Williams calls for mental toughness
September 8, 2011
Williams will be a key player for Wales if they are to progress in the competition © Getty Images
Shane Williams hopes Wales will learn from their previous painful World Cup memories ahead of their opening clash with the Springboks on Sunday.
The Ospreys try machine heads into his final World Cup determined that Wales do themselves justice following a pool stage exit in France four years ago. Fiji, their conquerors on that occasion, return for another crack at destabilising Wales' ambitions in Hamilton early next month, by which time Williams and company will have faced South Africa, Samoa and Namibia.
It all starts on Sunday with a Pool D clash against the Springboks, opponents Wales have beaten just once from 25 previous attempts stretching back 105 years. Recent form, though, suggests Wales have more than a fighting chance of bucking that trend, having arrived in New Zealand with five victories from their last seven Tests. They also have the knowledge that on two of the last three previous appointments with South Africa, Wales held comfortable leads before being reeled in.
"We don't dwell on 2007, we dwell on what has happened recently," said Williams, who is set to win his 82nd cap this weekend. "The last World Cup was very disappointing in the manner we went home. We only had ourselves to blame.
"In a World Cup, you have only one chance, really. If you go out and under-perform like we did last time, you are going home early. We certainly don't want that to happen again. "We've worked very hard pre-World Cup on first of all making sure we are fit and ready for these big physical games. But almost more importantly, you have to be mentally tough for these big competitions.
"It is tough, and it does play tricks on your mind playing these games, but the confidence in the camp at the moment is great. The attitude in training has been fantastic from the start. There is a nice feeling of self-belief in the camp. Perhaps we've lacked that in the past.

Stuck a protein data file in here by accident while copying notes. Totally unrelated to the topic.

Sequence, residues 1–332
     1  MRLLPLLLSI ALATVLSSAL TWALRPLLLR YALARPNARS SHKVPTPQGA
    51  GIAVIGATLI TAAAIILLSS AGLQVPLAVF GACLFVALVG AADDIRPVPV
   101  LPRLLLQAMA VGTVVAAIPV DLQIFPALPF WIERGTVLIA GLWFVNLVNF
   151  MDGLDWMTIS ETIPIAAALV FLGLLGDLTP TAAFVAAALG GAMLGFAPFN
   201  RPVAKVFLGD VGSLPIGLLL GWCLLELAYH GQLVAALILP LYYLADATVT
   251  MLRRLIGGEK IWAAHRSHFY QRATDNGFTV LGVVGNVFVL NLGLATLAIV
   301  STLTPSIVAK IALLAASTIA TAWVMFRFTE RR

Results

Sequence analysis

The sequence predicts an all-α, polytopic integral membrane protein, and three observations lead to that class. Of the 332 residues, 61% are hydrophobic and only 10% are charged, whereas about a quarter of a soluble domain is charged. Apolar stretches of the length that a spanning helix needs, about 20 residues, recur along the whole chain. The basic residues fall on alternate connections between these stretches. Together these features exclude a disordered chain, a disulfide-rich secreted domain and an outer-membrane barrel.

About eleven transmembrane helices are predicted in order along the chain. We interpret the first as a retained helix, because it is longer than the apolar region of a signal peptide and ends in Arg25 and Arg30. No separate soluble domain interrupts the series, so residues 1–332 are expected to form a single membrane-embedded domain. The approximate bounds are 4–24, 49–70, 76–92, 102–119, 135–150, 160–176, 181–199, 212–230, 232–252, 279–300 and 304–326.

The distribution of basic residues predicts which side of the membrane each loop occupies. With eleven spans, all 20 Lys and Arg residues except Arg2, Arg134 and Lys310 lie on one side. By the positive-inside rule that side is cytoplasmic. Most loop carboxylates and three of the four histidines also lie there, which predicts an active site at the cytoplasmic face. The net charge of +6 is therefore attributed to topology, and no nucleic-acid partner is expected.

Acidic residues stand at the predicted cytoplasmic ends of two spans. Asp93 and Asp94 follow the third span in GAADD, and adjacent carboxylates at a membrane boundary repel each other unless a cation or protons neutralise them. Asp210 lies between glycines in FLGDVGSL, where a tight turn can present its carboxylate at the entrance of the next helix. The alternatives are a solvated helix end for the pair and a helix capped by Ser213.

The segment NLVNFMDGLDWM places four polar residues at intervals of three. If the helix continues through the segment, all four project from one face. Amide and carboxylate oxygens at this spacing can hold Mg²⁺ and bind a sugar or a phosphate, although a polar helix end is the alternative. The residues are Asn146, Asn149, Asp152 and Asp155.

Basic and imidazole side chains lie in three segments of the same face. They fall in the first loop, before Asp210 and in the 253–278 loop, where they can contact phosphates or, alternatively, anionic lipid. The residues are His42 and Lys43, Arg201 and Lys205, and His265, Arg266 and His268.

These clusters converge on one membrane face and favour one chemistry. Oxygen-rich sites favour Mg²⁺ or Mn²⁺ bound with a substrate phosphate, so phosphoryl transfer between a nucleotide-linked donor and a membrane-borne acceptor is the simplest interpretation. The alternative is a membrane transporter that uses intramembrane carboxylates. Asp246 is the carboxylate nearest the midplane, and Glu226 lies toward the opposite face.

"We will take every game as it comes, and we are preparing at the moment for a very tough South African side."
Wales will have no time to ease themselves into a tournament that sees them facing Samoa just seven days after meeting South Africa, but assistant coach Robin McBryde is unruffled by facing the Springboks on the tournament's opening weekend.
"We look at it in a positive way," he said. "Obviously, both sides will try to surprise each other, so first-up it is a good thing, that is the way we're approaching it.
"But it will be quite a challenge. They are a big team, very physical, and they are the reigning champions, so they won't want to relinquish their crown that easily Our motivation is to start well."
For their part, South Africa have oozed a quiet confidence all week that they can launch their bid for back-to-back world titles on the right foot. "You want to have a little bit of flexibility in what you are able to do," said Springboks assistant coach Dick Muir. "But I think a lot of teams get too caught up in worrying about the opposition, whereas you've got a job to do that presents you with certain opportunities.
"You have got to be able to exploit those opportunities and that is where the flexibility and decision-making comes in. If you have a look at our squad overall, we've gone for mature, well-experienced guys that are tried and tested under pressure situations.
"We know the southern hemisphere sides better - we are used to playing against them - so there is more knowledge about what to expect compared to northern hemisphere sides who we tend to only play once a year.
"But we've certainly had a lot of time to be able to evaluate the Welsh and have a look at all their players individually. They have really got some good young talent coming through, so it will be interesting."
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